While many other states permit baiting to attract game, others, like Pennsylvania, believe it violates the spirit of “fair chase.” Nonetheless, the PGC has approved baiting here in our Southeast Special Regulations Area where there is an overabundance of deer and too much posted ground they can use as sanctuaries. The idea is that bait serves to draw deer from their refuges onto properties where hunting is permitted. But be advised that anyone setting out bait for deer here faces some fairly complicated regulations and restrictions. If not followed to the letter, the PGC could fine the perpetrating deer baiter for the same violations that apply elsewhere in the state as Grohol describes above.
If you want to set out bait legally here, you can’t just dump out a few bushels of ear corn or set up a salt block. Technically, you can’t even toss out a handful of shelled corn by hand in front of your tree stand. To avoid being cited and/or fined, be sure you know and follow the PGC regulations. They’re complicated, so pay attention:
First off, go online to the Game Commission website and secure a Deer Attractant Permit there. The free permits allow for bait (specifically limited to shelled corn and protein pellet supplements) to be dispensed up to three times a day during legal hunting hours through automatic, mechanical feeders. The bait dispensed cannot exceed five gallons per site and the feeder must be labeled with either the permit number or the name and address of the landowner.
A number of hunters I’ve spoken with have expressed some surprise and a bit of consternation at how narrow the PGC’s baiting criteria are. For example, they’ll ask why they can’t just dump out a load of ear corn, set out salt blocks, or at least use gravity feeders to disperse feed as is done in so many other states. After all, the basic idea, practice, and objectives are the same, so why does the PGC find it necessary to impose so many seemingly arbitrary “gotcha’” restrictions on the practice?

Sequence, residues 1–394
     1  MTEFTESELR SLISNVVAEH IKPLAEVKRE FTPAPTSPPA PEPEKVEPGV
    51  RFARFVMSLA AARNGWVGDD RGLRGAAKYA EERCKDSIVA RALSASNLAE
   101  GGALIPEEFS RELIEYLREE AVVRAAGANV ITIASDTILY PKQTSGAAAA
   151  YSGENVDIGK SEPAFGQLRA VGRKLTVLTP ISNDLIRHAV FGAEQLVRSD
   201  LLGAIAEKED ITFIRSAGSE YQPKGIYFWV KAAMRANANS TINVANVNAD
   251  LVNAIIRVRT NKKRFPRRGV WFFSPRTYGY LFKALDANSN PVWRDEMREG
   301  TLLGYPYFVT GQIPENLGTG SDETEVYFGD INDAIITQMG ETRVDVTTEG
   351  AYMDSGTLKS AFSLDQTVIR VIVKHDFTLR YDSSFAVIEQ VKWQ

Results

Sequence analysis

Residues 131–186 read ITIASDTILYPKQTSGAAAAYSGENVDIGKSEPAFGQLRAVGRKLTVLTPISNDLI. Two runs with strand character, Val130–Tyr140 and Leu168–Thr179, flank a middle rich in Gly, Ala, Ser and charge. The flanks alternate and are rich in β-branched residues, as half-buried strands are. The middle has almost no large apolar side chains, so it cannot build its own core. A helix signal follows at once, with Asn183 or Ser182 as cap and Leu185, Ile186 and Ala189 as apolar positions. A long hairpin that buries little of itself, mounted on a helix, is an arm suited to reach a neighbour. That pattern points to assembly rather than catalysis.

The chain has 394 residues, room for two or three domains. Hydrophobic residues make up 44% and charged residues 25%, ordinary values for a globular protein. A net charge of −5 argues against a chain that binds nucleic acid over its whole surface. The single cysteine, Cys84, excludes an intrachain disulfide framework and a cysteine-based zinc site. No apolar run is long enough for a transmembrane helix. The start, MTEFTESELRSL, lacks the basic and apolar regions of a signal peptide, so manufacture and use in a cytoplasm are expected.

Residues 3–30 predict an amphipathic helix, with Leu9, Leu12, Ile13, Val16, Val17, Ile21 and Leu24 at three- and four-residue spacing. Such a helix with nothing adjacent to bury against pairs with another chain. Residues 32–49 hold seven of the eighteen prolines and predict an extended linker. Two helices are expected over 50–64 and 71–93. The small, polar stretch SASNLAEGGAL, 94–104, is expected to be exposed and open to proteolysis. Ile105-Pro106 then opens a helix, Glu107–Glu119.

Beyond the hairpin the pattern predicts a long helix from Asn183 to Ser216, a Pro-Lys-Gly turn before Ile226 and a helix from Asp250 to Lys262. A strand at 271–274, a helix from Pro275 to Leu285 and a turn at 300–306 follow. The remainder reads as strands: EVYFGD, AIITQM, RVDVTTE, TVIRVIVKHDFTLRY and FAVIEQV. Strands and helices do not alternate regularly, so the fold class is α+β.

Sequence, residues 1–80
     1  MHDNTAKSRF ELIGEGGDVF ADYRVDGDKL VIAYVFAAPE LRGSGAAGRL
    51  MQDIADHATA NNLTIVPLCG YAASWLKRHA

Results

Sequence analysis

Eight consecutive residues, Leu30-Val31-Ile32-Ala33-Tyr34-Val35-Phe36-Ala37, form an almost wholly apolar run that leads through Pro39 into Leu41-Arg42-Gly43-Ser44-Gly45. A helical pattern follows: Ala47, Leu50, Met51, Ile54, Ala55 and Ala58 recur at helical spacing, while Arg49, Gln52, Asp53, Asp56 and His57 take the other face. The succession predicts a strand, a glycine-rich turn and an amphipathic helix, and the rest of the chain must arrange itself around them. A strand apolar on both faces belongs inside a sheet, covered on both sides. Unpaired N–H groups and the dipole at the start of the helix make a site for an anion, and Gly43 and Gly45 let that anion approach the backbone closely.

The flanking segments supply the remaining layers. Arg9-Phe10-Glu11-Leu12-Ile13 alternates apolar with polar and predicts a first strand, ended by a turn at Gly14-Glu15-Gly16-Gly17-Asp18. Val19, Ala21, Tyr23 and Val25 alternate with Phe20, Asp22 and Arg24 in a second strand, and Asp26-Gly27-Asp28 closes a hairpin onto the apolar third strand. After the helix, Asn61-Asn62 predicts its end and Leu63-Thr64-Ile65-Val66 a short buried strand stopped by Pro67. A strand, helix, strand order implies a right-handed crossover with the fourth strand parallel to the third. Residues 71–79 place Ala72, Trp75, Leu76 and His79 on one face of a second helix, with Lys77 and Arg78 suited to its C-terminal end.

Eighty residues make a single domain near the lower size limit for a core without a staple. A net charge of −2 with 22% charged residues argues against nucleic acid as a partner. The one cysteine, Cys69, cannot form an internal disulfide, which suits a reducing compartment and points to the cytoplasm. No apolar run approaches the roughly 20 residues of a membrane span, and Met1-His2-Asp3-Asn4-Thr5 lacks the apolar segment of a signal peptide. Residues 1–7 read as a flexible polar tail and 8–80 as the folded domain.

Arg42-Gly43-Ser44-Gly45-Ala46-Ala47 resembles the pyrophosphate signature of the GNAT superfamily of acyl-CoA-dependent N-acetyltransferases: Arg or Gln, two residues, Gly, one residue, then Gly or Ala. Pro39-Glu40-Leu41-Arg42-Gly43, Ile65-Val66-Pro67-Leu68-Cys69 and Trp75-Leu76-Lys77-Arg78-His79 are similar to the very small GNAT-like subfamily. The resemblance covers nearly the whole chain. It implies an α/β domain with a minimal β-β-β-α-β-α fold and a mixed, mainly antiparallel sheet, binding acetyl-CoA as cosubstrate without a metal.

While I can’t answer those questions, I must presume that the PGC and their deer biologists have imposed these restrictions for good reasons. Hunters who question or complain should just be thankful they still have an option to set out bait, a practice that is especially effective for late season bowhunters and flintlock fans. For more information, visit www.pgc. pa.gov.
Pennsylvania’s fall turkey season is set to open this Saturday, Oct. 29, in most of the state’s Wildlife Management Units. More about that next week.
There are still some flounder in the back bays of New Jersey, Delaware, and Maryland. The fluke are in the midst of staging in the deeper channels and inlets as they begin their annual migration back out to sea. I managed to hook up with a dozen of the flatties while fishing in Ocean City, Md., last Thursday. Eleven of the fluke were throwbacks, but the one keeper was a hefty (and very tasty) 20 incher. While the flounder will soon head out, the fall striped bass season should soon be picking up steam.
Some other states allow hunters to use piles of ear corn like this as deer bait, but deer hunters here in Pennsylvania’s Southeast Special Regulations Area are restricted to using shelled corn.